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When Predicting Behavior, Marketers Get In Their Own Way
By: Dwayne W. Waite Jr.
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Many marketing professionals are drawn to the industry due to the opportunity to learn and test ideas about how consumers think, and why they think the way they do about goods and services. We like to think that we have a good grasp on what consumers like, how they want to receive their products.

If we don't know, then we implement methods that should enlighten us.

We engage in "idea incubators" and brainstorming sessions and other internally driven ways before we bring in consumers. Understandably so, since the latest behavioral research suggests that many consumers aren't too sure about what they want anyway.

How interesting is it, then, when another research study recently published in the Journal of Marketing Research suggests that when some marketers pretend to be consumers in order to see what the consumer wants, many of them actually rely on their own thoughts and ideas, even to the point of contradicting the opinions of consumers based on research they actually did?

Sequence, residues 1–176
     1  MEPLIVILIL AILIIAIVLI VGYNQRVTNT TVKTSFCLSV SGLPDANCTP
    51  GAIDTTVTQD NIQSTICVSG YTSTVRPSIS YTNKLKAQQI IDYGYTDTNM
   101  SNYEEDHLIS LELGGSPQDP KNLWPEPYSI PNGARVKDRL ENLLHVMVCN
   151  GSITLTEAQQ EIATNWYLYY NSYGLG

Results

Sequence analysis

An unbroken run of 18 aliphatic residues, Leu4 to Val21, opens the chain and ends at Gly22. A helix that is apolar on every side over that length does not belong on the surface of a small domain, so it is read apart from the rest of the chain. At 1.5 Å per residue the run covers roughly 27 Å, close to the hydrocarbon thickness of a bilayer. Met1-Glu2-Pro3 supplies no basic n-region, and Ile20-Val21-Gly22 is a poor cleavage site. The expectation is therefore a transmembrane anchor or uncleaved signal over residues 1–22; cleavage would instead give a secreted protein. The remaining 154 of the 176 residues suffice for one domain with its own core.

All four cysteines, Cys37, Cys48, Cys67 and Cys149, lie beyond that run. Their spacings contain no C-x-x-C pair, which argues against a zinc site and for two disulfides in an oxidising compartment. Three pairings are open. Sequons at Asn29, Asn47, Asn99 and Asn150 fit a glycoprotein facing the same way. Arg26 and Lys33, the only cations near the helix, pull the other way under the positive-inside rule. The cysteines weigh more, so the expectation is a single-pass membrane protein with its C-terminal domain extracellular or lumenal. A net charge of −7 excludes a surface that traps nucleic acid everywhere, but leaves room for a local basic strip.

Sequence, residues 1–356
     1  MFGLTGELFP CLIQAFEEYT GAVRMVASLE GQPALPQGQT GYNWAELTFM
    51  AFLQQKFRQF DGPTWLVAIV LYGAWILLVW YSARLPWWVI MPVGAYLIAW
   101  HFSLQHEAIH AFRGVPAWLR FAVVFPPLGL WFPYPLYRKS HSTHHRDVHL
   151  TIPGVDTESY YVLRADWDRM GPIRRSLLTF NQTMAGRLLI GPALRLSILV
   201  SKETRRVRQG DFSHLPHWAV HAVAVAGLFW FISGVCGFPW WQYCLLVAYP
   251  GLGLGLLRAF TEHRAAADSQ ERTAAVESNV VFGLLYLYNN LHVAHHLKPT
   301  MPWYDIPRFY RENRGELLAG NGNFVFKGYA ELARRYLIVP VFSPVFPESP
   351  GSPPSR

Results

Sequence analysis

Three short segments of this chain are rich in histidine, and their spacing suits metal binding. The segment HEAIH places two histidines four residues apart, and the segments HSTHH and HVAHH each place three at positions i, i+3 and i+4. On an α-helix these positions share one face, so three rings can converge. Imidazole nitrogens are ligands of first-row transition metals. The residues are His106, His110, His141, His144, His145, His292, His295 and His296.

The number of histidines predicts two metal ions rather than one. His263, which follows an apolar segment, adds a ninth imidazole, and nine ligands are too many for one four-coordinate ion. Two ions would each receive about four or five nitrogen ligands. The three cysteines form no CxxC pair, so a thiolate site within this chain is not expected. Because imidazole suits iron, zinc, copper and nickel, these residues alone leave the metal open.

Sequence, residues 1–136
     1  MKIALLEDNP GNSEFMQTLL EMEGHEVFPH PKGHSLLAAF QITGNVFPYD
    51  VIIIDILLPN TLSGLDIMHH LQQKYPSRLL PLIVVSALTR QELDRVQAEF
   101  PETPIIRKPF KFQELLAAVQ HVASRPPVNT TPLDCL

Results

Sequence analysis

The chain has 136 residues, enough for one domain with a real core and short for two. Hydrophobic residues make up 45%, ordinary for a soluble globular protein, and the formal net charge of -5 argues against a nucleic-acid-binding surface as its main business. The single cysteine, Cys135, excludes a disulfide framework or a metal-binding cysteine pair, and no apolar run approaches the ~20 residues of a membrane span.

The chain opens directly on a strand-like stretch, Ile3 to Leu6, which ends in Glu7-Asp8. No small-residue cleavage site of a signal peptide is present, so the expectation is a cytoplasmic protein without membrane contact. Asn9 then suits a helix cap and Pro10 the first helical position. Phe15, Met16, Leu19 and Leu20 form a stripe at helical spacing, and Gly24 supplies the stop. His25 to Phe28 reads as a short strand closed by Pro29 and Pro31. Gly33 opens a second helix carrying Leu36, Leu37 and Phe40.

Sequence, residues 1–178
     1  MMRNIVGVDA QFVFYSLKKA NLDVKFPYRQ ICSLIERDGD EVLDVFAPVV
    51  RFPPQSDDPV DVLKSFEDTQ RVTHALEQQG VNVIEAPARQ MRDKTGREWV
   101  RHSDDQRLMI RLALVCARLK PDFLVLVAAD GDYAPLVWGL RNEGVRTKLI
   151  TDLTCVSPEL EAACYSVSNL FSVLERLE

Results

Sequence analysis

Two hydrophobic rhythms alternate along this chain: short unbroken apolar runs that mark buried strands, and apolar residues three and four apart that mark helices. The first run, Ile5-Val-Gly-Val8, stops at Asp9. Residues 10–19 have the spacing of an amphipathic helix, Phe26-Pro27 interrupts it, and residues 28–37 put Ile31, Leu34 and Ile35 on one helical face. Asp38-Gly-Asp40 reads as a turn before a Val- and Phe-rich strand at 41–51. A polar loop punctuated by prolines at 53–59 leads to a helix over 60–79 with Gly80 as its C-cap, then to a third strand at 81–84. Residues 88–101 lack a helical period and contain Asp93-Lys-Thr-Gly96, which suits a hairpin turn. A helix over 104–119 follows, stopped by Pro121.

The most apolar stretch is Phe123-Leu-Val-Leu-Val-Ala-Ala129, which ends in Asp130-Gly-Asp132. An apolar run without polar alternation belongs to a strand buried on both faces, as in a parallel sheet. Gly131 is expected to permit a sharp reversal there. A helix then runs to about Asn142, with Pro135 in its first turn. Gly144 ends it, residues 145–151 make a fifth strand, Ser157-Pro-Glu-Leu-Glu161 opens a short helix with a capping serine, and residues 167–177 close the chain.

Yes, the study showed that some marketing managers would cease relying on consumer data and rely on their own.

Makes you think — based on some of the commercials we've seen out there, that kind of makes sense.

What does this mean, then? It seems that all this research about the marketer and the consumer shows that we can't trust the consumer, or the marketer. A confusing situation, for sure.

Well, not quite.

The underlining factor is that our approach to market research and idea generation and screening should at all times be balanced. Will agencies and brands cut corners in order to save on research costs? Unfortunately so, but market research advocates need to speak up and show how investment upfront is much more efficient than paying up down the road when the poor research process catches up.

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About the Author
Dwayne W. Waite Jr. is partner and principal at JDW: The Charlotte Agency, a marketing and advertising shop in Charlotte, NC. He enjoys consumer behavior, economics, and football.
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